Another ten million people were diagnosed with COVID-19 by the end of August, and the death toll rose to eight hundred thousand by the end of the month. In September, cases climbed to thirty million, then forty-five million in October, and sixty million by the end of November, with the death toll reaching one million in September, and passing 1.5 million in early December.
The year ended on a hopeful note, with the first successful Phase III trial of a COVID-19 vaccine by Pfizer and BioNTech, showing a 90% success rate on November 8th. Another vaccine from Moderna proved to be 94.5% effective on the 16th.
A number of famous people passed away in 2020:
7: Neal Peart
9: Mike Resnick
21: Terry Jones
26: Kobe Bryant
5: Kirk Douglas
24: Clive Cussler
28: Freeman Dyson
8: Max von Sydow
20: Kenny Rogers
29: Irrfan Khan
19: Ian Holm
29: Carl Reiner
13: Grant Imahara
1: Wilford Brimley
18: Ben Cross
28: Chadwick Boseman
17: Terry Goodkind
18: Ruth Bader Ginsburg
6: Eddie Van Halen
31: Sean Connery
8: Alex Trebek
28: David Prowse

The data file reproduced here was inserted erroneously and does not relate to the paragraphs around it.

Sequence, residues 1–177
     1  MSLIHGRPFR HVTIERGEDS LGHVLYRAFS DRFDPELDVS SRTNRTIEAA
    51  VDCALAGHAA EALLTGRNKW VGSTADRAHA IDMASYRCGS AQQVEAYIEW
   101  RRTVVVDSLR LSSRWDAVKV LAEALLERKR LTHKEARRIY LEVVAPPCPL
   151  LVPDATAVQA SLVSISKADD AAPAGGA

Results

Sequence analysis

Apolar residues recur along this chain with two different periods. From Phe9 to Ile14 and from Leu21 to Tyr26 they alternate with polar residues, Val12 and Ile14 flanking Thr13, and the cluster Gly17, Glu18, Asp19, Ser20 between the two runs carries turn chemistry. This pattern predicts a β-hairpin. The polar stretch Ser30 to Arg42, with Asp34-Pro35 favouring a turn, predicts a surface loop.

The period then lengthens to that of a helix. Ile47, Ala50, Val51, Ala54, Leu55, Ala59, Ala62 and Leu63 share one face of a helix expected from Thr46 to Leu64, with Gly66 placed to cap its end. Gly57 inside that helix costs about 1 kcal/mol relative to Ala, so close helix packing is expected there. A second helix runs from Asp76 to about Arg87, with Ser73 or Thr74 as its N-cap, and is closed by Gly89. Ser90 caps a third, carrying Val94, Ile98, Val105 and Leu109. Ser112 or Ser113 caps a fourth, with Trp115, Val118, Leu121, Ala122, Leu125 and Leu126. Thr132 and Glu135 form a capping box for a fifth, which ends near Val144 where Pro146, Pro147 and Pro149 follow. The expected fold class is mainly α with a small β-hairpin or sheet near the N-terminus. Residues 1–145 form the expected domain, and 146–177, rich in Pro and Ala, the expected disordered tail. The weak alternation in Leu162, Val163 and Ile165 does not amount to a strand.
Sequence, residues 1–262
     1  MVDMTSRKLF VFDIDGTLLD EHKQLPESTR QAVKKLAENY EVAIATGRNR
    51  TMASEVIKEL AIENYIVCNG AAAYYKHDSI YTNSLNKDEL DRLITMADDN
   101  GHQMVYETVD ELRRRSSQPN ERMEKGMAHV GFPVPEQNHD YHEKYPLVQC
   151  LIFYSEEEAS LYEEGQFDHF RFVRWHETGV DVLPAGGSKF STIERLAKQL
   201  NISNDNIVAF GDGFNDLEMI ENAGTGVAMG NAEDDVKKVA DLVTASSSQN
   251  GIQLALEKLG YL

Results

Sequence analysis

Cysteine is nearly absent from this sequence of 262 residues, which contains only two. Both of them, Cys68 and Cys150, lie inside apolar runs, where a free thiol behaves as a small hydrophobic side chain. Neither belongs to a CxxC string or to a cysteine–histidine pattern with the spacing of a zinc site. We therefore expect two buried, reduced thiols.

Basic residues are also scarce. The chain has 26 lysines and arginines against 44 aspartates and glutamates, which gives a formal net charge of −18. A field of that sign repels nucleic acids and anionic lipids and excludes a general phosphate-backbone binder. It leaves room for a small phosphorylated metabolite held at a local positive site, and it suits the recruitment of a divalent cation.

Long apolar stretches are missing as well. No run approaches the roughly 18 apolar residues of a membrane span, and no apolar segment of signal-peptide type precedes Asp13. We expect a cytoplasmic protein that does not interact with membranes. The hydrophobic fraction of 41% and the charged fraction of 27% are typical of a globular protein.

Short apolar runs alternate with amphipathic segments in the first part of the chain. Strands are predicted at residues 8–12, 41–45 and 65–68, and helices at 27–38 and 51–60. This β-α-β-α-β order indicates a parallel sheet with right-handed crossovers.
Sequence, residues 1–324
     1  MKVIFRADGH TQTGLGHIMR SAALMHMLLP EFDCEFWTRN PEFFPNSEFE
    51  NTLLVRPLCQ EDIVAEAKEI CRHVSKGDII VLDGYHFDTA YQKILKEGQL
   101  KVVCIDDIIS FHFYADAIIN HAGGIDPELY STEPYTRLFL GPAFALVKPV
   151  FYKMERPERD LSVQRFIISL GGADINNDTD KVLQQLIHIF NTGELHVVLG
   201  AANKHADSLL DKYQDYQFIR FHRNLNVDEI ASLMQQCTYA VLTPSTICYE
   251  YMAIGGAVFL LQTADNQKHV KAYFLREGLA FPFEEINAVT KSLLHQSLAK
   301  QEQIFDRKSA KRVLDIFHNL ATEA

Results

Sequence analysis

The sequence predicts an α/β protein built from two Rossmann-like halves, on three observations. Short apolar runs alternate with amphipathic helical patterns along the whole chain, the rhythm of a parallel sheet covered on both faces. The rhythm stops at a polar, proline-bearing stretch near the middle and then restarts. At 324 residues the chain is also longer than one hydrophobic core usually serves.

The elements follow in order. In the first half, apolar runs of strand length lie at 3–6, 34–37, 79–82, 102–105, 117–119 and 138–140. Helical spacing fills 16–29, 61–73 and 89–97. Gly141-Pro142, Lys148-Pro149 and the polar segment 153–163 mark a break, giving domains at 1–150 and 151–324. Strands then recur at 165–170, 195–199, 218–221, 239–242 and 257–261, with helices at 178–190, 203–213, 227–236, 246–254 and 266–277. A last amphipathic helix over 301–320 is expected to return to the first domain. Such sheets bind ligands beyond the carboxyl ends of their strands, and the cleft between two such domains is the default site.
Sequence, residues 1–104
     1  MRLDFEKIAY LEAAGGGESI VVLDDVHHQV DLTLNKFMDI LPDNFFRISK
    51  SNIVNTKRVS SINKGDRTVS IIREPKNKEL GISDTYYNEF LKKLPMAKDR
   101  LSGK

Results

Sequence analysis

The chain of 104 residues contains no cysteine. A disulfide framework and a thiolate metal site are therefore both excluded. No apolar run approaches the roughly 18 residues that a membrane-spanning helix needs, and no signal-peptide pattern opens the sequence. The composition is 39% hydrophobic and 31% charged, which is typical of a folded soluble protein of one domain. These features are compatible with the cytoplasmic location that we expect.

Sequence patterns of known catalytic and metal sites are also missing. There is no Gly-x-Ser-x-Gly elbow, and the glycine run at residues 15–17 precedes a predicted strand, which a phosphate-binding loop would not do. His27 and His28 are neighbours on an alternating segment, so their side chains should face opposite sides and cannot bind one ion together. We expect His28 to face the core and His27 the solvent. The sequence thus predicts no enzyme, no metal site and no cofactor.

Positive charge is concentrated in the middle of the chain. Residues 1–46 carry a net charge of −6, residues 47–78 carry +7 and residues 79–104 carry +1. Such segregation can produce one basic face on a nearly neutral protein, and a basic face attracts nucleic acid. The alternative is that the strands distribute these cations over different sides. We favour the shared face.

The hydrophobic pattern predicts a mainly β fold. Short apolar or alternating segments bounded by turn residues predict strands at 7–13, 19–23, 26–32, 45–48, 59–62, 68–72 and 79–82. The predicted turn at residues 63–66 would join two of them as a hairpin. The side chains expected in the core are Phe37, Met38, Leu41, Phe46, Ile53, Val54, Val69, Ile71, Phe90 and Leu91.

5: David L. Lander
7: Chuck Yeager
A Year of Political Crises
The year’s political crises began with the impeachment trial of President Donald Trump in the Senate from January 16th through February 5th. Even before the trial began, Republican Senators made it clear that they had no intention of convicting him of the charges levied in December by the House of Representatives, so the lack of a conviction surprised no one. Meanwhile, the United Kingdom formally withdrew from the European Union on January 31st.
On February 24th, Harvey Weinstein was convicted of rape and sexual assault, and a month later was sentenced to twenty-three years in prison. On February 27th, the first of several stock market crashes occurred, when the Dow Jones Industrial Average (DJIA) dropped by 1190.95 points. Less than two weeks later, on March 9th, the DJIA dropped more than two thousand points. The global markets crashed as well on March 12th, the day after the WHO declared COVID-19 a pandemic, and the DJIA dropped 2300 points. Four days later, it dropped again, this time by 2997.10 points, a larger drop even than 1929’s Black Tuesday, which sparked the Great Depression.
May saw the outbreak of protests across the United States, following the death of George Floyd at the hands of police on May 26th, which was captured on video and posted online. The protests would continue throughout the remainder of the year, and would influence political campaigns, from local races all the way up to the presidential election.